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Football Question: Birmingham and Liverpool


John Simkin
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Guest Gary Loughran
In the 1879-80 season Birmingham newspapers recorded 811 soccer matches taking place. During the same period Liverpool newspapers recorded only two matches being played in the region. The answer provides an interesting insight into social history.

I can only guess at two reasons.

1. More formal creation of teams in Birmingham through Churches. I'm aware that in Liverpool St. Domingo(a)'s was responsible for the origin of Everton or Liverpool, guess at Everton as the 'Catholic' team

2. Young adults and adults more likely to be migrant and working on the shipbuilding industry around this time in Liverpool.

Both guesses, but typically football has been linked to either workplaces Arsenal, West Ham and Churches eg. Plymouth, Everton for their creation.

I can't develop an insight, more than what commonsense would dictate.

Gary

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In the 1879-80 season Birmingham newspapers recorded 811 soccer matches taking place. During the same period Liverpool newspapers recorded only two matches being played in the region. The answer provides an interesting insight into social history.

I can only guess at two reasons.

1. More formal creation of teams in Birmingham through Churches. I'm aware that in Liverpool St. Domingo(a)'s was responsible for the origin of Everton or Liverpool, guess at Everton as the 'Catholic' team

2. Young adults and adults more likely to be migrant and working on the shipbuilding industry around this time in Liverpool.

Both guesses, but typically football has been linked to either workplaces Arsenal, West Ham and Churches eg. Plymouth, Everton for their creation.

I can't develop an insight, more than what commonsense would dictate.

Gary

A clue. Trade Unions.

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Guest Gary Loughran
In the 1879-80 season Birmingham newspapers recorded 811 soccer matches taking place. During the same period Liverpool newspapers recorded only two matches being played in the region. The answer provides an interesting insight into social history.

I can only guess at two reasons.

1. More formal creation of teams in Birmingham through Churches. I'm aware that in Liverpool St. Domingo(a)'s was responsible for the origin of Everton or Liverpool, guess at Everton as the 'Catholic' team

2. Young adults and adults more likely to be migrant and working on the shipbuilding industry around this time in Liverpool.

Both guesses, but typically football has been linked to either workplaces Arsenal, West Ham and Churches eg. Plymouth, Everton for their creation.

I can't develop an insight, more than what commonsense would dictate.

Gary

A clue. Trade Unions.

Could the industrialisation etc. meant that as Trade Unions rose in the area they formed leagues - "the Birmingham Iron Workers and whatever" amateur league. Thus giving a formal base for competetive football. I do note that Villa were one of the founders of the FL and I believe they were a church derived team.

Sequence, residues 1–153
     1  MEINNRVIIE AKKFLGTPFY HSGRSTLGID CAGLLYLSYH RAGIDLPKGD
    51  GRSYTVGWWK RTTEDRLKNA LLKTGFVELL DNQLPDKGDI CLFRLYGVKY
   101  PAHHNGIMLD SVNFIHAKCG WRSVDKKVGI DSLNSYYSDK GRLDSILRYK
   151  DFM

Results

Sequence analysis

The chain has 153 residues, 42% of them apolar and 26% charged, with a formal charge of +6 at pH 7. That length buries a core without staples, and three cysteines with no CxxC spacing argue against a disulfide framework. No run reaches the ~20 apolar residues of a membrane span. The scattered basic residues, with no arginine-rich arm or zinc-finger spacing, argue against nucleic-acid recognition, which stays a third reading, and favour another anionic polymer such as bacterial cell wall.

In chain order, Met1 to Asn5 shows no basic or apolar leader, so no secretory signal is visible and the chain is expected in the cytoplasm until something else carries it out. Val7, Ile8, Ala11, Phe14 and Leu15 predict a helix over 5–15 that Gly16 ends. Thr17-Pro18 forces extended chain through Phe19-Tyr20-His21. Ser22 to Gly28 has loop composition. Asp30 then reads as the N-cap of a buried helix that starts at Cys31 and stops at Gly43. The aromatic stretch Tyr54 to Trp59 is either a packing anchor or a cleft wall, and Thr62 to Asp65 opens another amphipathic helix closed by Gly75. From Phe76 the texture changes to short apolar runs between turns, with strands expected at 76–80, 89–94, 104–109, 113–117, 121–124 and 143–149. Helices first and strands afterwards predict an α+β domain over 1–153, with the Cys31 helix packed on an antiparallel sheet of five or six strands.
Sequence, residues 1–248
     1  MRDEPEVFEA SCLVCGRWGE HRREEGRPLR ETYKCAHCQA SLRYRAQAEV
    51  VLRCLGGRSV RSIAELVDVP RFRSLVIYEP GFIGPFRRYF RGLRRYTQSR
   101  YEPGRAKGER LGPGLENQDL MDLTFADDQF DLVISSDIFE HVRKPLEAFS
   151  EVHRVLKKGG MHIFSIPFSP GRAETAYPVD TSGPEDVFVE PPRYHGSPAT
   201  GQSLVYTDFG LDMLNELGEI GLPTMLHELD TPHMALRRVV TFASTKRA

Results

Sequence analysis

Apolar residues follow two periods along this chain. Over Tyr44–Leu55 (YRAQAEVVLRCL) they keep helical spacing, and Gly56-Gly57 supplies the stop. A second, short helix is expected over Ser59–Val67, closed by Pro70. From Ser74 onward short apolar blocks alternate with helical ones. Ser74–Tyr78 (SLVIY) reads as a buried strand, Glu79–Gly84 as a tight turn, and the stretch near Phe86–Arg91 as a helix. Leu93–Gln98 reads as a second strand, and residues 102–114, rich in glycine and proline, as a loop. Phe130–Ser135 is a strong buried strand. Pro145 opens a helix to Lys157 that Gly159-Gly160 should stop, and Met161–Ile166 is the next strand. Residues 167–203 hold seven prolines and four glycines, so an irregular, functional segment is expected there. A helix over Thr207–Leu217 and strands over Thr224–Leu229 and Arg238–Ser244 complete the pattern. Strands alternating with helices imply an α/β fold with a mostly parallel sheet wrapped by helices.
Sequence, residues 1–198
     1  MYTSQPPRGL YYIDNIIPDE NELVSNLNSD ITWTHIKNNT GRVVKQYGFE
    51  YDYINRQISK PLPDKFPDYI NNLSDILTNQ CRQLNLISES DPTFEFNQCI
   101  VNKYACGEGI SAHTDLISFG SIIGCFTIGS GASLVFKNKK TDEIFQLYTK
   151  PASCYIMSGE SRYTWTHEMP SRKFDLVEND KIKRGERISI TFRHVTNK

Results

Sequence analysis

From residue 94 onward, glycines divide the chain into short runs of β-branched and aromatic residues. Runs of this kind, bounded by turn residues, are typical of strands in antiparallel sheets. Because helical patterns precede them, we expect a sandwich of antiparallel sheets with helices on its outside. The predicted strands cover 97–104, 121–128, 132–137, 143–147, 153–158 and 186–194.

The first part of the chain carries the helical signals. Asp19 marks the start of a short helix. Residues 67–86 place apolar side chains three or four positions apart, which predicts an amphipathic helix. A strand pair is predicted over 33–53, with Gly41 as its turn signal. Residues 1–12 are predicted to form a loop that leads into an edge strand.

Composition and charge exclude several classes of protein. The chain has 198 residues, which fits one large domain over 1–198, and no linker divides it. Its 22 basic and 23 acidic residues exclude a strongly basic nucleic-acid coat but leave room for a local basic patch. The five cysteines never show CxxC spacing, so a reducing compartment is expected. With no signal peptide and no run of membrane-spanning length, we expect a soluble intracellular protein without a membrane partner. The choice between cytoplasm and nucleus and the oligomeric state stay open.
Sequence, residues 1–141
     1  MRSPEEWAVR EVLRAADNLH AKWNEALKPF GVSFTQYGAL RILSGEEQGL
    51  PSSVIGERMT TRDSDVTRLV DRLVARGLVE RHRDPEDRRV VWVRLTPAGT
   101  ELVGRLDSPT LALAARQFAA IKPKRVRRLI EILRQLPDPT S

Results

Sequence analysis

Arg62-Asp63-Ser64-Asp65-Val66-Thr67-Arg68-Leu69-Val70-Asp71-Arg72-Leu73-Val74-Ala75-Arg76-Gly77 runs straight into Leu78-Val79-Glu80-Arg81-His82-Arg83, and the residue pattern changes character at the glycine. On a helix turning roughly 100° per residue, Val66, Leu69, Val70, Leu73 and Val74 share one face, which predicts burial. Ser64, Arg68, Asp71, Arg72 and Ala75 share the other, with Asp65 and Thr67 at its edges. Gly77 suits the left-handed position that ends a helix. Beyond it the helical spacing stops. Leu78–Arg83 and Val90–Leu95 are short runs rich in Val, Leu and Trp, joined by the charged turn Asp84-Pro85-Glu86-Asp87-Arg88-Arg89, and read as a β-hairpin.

Somehow this didn't happen in Liverpool. No idea why? I do know in the mid 19 Century Liverpool had one of the lowest life expectancy rates at 26.

I also suspect the democratic socialism (Liberals??) involved in Trade Unionism also ensured better distribution of wealth and housing in the areas they formed.

Close? This is harder than murder mysteries and I'm trying desperately not to go Google on it.

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In the second-half of the 19th century trade unions fought to have Saturday afternoon off. This allowed them to play and watch football. Birmingham trade unions were very strong and by 1879 most of them worked to only 1.00 pm. Liverpool had a high proportion of non-unionised, casual workers who were forced to work a 6 day week. Therefore there were not enough men to play and watch football in Liverpool.

The first trade to get Saturday afternoon off was the textile industry. That is why the textile towns dominated the early First Division championship. However, it was not until 1883 that Blackburn defeated the Old Etonians in the FA Cup Final. Every cup final until then had been won by a public-school based club. They were never to win another final.

Working class people were stopped from playing football in the early part of the 19th century. The tradition was in fact protected by the public schools who took it to the masses in the 1880s (they thought it would help industrial discipline). Arnold Hills, the first owner of West Ham United, was a member of the Old Harrovians and in 1879 won an international cap in England's 5-4 victory against Scotland (at the time only amateurs could play international football). The first professional to play for England was forced to play in a different colour shirt to the rest of the team (blue instead of white).

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